Thai rescue and our shared humanity

Yesterday was one of those days where we can all walk just a little taller, feel proud of humanity and realise good news - really good news - does in fact happen.

The last of the Thai schoolboys and their soccer coach were rescued and everyone could breathe with relief.

This story resonated around a globe that lived the drama for more than two weeks - the near-despair of children lost deep in the darkness of claustrophobic caves, the joy of their discovery perched on a mound above floodwaters, the agonising rescue decisions, the looming monsoon rains, the possibility the boys could be trapped for months.

This was not Hollywood but real - vulnerable boys with real mothers and fathers pierced by anxiety. When, sadly, a Thai navy diver died while helping set up the rescue mission, the scale of the challenge was underlined.

If he perished, what chance did weakened boys have? They mostly could not swim, let alone dive.

Modern technology transmitted images from inside the cave, and the boys' discovery by a pair of English volunteer cave divers was riveting viewing. Day by day, step by step, the tension mounted.

International rivalries were put aside as specialist help mobilised from the likes of Britain, China, Japan, Australia and Thailand. So much could go wrong. So little did, apart from the awful death of the Thai diver.

It showed that this planet, riven with violence, greed and power, could unite towards one goal. This cruel world could care. And it mattered not the colour of your skin or to which God, or Gods, you prayed, or if you just hoped for the boys' deliverance.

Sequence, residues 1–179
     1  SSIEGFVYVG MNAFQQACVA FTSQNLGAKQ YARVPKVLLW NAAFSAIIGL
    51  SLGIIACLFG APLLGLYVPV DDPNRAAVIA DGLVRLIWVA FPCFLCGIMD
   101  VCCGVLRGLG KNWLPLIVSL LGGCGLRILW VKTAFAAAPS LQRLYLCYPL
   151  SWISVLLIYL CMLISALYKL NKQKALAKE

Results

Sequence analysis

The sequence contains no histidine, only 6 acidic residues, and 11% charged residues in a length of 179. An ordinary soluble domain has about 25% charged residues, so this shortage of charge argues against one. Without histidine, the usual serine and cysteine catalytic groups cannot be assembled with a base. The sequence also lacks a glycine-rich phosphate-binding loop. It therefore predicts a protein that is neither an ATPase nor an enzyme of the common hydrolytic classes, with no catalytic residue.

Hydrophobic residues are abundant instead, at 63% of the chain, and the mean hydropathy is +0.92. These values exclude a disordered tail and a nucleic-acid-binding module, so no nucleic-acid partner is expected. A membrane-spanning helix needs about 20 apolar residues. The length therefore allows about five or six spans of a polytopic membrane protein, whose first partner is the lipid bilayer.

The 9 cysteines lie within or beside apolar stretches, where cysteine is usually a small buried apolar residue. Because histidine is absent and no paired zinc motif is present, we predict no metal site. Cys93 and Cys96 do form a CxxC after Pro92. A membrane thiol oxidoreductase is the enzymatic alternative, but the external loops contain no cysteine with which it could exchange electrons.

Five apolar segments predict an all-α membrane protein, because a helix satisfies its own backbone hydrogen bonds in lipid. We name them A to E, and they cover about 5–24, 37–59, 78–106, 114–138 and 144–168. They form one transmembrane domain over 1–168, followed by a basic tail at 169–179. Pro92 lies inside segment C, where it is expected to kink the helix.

It is as if humanity needed this focus. Natural disasters, wars, illness, accidents, murder and tragedies all persist. The looming devastation of climate change bears down on us all, authoritarian governments gain ground, and world trade and stability is threatened.

But, at least for two weeks, everyone could co-operate in goodwill for a group of lost and then trapped boys.

It probably helped they came from Thailand, a nation not privileged and not a threat. In any event, though, what person - yet alone parent - could not relate to such peril and the agony.

Meanwhile, the death toll from the floods in Japan yesterday headed upwards of 150, including many children. Such is the nature of news and public interest that it receives much less attention. Off the coast of Thailand itself, a tourist boat full of Chinese tourists went down last Thursday with 44 deaths, also including children. Again, this tragedy was soon overtaken by other events.

That is life and death on planet Earth. We are drawn to news to which we can relate, which affects us or our emotions. Unfortunately, we are often attracted by the macabre, the bad and the disasters. The media, to be successful, more and more believes it needs to oblige.

As social, tribal beings, we also seek and are emboldened by common motives and causes. Many love to come together in the artificiality and enjoyment of sport. How much more it means to ''hold hands'' in fellow feeling across the world on something that actually matters - the lives of vulnerable children.

Part of us, as well, yearns for happy endings to real dramas with uncertain outcomes. That is what the saga of the Tham Luang Nang Non cave complex in northern Thailand provided.

Often the outcomes will be devastating. For every baby rescued from earthquake rubble, scores of others die. For every successful rescue, others will fail. But, this time, out of the cave's darkness, came light.

We should revel in this. We can work together on a difficult and complex operation. We can overcome the odds.

We can, in our shared humanity, be both proud and grateful at both what was achieved and how it was accomplished.

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